Dr. Rasenick’s work has focused on G protein signaling in the nervous system. He has been particularly interested in how G proteins and the cytoskeleton work in concert to modify synaptic shape and to form a molecular basis for depression and the action of antidepressant drugs. He is also founder of Pax Neuroscience, a company designed to develop and utilize depression biomarkers for diagnostics, treatment and drug development. He is an elected fellow of the American College of Neuropsychopharmacology and the American Association for the Advancement of Science and the Cuban Academy of Sciences.
In addition to research and teaching, Dr. Rasenick is active in public policy. He currently chairs the Advocacy Committee for the American Brain Coalition. While a Robert Wood Johnson Fellow (1999-2000), he was a staff member with the late Senator Edward M. Kennedy, (D Mass.). He is also involved in international outreach for neuroscience.
Cellular and Molecular Mechanisms
Prof Popoli was trained in Biochemistry/Cell Biology at University of Naples and received postdoctoral training at International Institute of Genetics and Biophysics (CNR, Naples), and Department of Psychiatry of Washington University, (St. Louis, MO).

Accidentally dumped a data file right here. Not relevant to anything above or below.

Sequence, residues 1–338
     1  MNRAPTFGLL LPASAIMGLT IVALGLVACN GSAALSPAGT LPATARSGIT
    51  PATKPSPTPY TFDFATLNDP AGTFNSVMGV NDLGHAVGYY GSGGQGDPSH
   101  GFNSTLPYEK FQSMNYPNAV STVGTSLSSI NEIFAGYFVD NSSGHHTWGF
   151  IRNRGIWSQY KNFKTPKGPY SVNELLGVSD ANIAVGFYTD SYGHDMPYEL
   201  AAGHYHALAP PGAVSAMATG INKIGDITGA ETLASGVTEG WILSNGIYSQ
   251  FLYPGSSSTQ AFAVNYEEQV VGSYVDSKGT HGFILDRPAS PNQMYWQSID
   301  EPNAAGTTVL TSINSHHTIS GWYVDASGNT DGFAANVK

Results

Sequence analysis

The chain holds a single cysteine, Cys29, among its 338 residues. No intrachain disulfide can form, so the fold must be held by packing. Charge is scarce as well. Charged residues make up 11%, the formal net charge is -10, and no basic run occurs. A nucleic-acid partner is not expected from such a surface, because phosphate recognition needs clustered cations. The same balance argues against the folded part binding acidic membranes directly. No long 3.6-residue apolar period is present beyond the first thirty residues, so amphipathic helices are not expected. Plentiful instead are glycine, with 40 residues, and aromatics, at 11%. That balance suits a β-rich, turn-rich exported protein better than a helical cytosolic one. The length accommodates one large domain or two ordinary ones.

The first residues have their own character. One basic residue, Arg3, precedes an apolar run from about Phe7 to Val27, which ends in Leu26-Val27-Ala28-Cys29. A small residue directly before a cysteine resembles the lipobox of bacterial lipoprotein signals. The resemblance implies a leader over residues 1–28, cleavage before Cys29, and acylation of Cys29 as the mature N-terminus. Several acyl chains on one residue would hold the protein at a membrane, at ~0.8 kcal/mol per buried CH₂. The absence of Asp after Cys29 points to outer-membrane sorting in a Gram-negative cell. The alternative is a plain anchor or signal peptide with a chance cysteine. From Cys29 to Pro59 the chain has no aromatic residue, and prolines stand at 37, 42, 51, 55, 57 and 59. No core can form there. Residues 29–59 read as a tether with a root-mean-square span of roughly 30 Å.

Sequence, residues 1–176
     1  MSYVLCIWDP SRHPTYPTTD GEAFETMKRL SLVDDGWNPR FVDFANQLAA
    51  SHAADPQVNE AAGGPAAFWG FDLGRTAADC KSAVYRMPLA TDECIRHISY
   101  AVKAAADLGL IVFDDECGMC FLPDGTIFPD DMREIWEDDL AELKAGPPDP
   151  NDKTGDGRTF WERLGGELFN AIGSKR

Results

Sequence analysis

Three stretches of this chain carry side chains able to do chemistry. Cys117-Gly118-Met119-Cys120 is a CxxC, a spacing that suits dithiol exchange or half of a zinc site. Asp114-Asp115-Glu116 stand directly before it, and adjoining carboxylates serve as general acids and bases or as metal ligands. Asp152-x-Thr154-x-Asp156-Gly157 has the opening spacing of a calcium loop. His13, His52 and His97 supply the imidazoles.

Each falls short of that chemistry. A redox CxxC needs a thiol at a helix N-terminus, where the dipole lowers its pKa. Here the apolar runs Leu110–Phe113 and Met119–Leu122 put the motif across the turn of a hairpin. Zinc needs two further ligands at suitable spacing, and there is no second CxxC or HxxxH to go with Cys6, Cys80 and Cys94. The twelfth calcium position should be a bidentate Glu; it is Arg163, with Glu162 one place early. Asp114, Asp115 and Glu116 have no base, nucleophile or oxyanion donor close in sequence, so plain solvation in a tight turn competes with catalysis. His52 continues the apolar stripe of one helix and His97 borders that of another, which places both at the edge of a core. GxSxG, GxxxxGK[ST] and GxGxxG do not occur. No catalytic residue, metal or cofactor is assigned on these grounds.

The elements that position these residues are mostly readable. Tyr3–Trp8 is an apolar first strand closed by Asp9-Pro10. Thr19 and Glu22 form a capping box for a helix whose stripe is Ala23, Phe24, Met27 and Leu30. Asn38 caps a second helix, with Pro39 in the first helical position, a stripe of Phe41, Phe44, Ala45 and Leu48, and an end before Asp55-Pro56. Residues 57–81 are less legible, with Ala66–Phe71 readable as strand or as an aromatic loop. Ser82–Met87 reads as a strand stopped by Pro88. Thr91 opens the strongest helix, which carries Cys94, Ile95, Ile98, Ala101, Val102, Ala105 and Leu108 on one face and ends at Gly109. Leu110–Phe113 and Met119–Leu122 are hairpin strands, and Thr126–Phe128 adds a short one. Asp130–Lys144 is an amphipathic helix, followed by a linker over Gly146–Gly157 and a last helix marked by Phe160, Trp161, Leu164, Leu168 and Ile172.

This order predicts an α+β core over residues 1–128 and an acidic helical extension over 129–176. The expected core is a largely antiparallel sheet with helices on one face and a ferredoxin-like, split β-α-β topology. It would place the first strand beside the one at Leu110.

His studies contributed to characterization of neuroplasticity mechanisms involved in psychopathology and psychotropic drug action, and to the elaboration of the neuroplasticity/glutamatergic hypothesis of mood and anxiety disorders. Currently his work focuses mainly on the action of behavioral stress at the level of synapses/circuitry, and on epigenetic changes and microRNAs, with special attention to identification of new biomarkers of pathology and of drug response/resistance.
He has received a NARSAD Independent Investigator Award, and funding from national and international agencies, including European Union. He has served as a member of CINP International Scientific Program Committee (2014-2016), and is a member of the CINP Fellowship & Awards Committee (2014-). He is also a member of the ECNP Scientific Program Committee (2019-2020) and of the Governing Board of the Italian Society for Neuroscience (2016-2019).
Shanghai Jiao Tong University, China
Section Editor Since April, 2016
Dr. Tong received the B.S. degree in radio technology from Xi’an Jiao Tong University, China, in 1995, the M.S. degree in turbine machine engineering and Ph.D. degree in biomedical engineering from Shanghai Jiao Tong University, Shanghai, China, in 1998 and 2002, respectively. He was a post doctor in Biomedical Engineering Department, Johns Hopkins School of Medicine from 2002 to 2005. His research interests include neural signal processing, neurophysiology of brain injury, and cortical optical imaging. He is the founding chair the IEEE EMBS international summer school of neural engineering. Prof. Tong is also an active Associate Editor of IEEE Transactions on Biomedical Engineering, IEEE Transactions on Neural Systems and Rehabilitation Engineering, Medical & Biological Engineering & Computing. Dr. Tong is the conference Chair of the 8th IEEE EMBS international conference of Neural Engineering (NER’2017).